So how does one explain what an Escrow is and why we need it? And how does it compare to closing procedures in other parts of the US?
Well its simple. Escrow is nothing more than having a neutral third-party who has the job of intermediary in a real estate transaction. Basically an Escrow officer will dot the I’s, cross the T’s and handle the money exchange (loan funding too) and recording with the County Assessor’s office.
In other parts of the country, Title Companies, Lawyers, and Notaries handle closings. Here is Southern California, its done with an Escrow Company whose sole job is to handle the details ion the transaction and all the finances.
They duties include but are not limited to:
- Order HOA docs
- Order the Preliminary Title Report
- Determine closing costs for each party and prepare the preliminary and final HUD report
- Draw up the Escrow Instructions or in other words, they take the signed agreement between buyer and seller and put that into a new legal format used by all parties and for recording to the county.
- Send out for signing and receive back all contractual and transaction related documents.
- Handle all the loan documents and help ensure everything is ready for closing
- Answer buyer questions about title and vesting
- And a good escrow company will also help ensure the deal keeps moving forward to meet the closing date.
What do I do to prepare for Escrow?
There are several pieces of information that you must to supply to your escrow officer.
The following is a brief list of items that you must provide and/or deliver to your escrow officer:
- Correct spelling of your name and up-to-date contact information
- Contact information for lender (and/or mortgage broker) if new financing is being obtained
- Mortgage loan account information (lender or loan servicer’s name, address, and account number) if you are selling or refinancing a piece of property; plus any other tax, mortgage, bond or other lien information
- Fire and home insurance policy information
- Title vesting choice (Escrow can help on this but you may need to contact a legal pro or financial advisor)
- Copies of Trust Documents if taking title in trust or selling from a Trust
- Any relevant corporate, partnership or LLC documents if taking title in the name of one of those entities, or selling from one of those entities
When escrow opens, everyone moves quickly and gets their job done. Escrow dumps out a whole bunch of paperwork, and you get to read and sign it all. So we’re moving along in the transaction and we’re all doing our jobs right? Inspections happen, the loan process begins, disclosures reviewed and signed, etc.
As your agents have submitted everything required and you have done all that you’ve been asked to do.
Right. And then the lender wakes up, it’s the eleventh hour and all hell breaks loose.
The following is an accounting of what happens during the final hours.
Understanding the closing escrow process.
The last 3 days of your escrow!
1. Well almost everything is completed in the first couple of weeks. In fact, if you are paying cash we can close an escrow or complete a transaction in less than 4 days. But if there is a loan, (most of us don’t have hundreds of thousands of dollars on hand to buy a home). You and I borrow it. And that process takes time. The lender, loan officer and underwriter all have a hand in what happens during the entire loan approval process.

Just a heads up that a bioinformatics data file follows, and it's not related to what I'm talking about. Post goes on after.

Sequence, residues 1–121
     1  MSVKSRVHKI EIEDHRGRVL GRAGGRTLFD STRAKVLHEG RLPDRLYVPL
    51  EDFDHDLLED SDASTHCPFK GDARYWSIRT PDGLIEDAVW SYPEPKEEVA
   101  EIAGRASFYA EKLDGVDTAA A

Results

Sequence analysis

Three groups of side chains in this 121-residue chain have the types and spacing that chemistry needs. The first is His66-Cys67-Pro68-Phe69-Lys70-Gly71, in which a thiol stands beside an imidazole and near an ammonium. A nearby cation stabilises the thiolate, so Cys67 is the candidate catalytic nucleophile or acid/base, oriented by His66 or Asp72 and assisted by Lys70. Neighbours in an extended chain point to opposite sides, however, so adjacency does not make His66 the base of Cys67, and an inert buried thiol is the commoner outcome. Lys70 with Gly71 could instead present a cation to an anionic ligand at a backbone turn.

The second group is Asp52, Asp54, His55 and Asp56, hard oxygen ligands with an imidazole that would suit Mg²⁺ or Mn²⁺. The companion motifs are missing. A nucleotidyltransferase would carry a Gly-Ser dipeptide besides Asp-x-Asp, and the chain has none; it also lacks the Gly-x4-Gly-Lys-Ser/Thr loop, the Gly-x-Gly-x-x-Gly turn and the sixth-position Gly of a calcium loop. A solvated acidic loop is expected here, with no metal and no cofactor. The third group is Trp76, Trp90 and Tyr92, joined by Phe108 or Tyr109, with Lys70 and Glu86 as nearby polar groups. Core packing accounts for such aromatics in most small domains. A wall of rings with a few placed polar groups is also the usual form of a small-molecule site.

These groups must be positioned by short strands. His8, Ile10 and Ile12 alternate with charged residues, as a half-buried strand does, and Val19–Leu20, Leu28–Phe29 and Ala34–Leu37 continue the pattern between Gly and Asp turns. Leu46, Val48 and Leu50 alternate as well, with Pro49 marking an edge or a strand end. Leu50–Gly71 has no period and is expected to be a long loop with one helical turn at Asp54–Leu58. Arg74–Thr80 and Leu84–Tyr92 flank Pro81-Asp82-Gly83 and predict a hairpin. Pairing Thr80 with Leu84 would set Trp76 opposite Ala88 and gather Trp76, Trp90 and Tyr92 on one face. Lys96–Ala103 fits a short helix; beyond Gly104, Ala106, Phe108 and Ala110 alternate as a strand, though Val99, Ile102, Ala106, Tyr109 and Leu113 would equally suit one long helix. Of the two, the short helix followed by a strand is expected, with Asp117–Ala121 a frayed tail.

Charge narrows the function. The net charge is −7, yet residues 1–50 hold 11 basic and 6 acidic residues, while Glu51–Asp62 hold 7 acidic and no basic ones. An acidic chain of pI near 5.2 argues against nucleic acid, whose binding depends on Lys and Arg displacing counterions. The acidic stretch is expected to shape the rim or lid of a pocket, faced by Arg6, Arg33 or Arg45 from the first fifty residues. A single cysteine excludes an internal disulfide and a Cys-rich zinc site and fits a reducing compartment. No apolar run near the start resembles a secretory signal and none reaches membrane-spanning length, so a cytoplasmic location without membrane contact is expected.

2. The final loan preparation happens within the last 3 to 4 days and this is where the Underwriter can toss in that big monkey wrench they have kept under their desk just waiting for this moment. So now is when they take their final look at your application and begin to ask questions, check on your bank accounts, your funds, etc. And if anything is out-of-place, the process STOPS! Which is why…….
3. Loan docs consistently arrive late. See #2 above as one reason or it’s because the borrower didn’t get the requested information to the loan officer on time.
This is what happens in the last 3 or 4 days.
1. Once the loan package has arrived the escrow officer reads the entire package and must follow it exactly to a “T”. (A loan package is averages 12 to 24 pages)
2. The HUD statement finished. This is the final accounting report for your transaction
3. The estimated Closing statement, (HUD1) is sent for approval from the Lender, Buyer’s agent and Listing agent. It must be approved by all.
4. Escrow ensures the loan package is fully executed or signed by all parties.
5. The loan package goes back to the lender for final approval (Fingers crossed here)
6. Recording package is prepared for the county clerk
7. Escrow package goes to the lender so funding is approved.
8. Lender approves funding amount and the entire package.
9. You wire in your funds by a certain date (hopefully you did)
10. Upon receipt of the wired money and final instructions, escrow instructs Title to set the property up to record at the county recorders office.
11. On recording day, escrow contacts Buyer, Seller, and all agents of confirmation.
This is just a rough outline and I probably have forgotten some steps. There can be dozens of calls, many of which you never receive.
All deals vary but this will help you understand the process in Southern California.
Final Note: Remember that at no time from when you begin your search to the day of closing should you make any changes to your credit or bank accounts without consulting with your loan officer. You don’t want to sink the deal by changing credit status.
If you have questions, give me a call at 760-660-0010.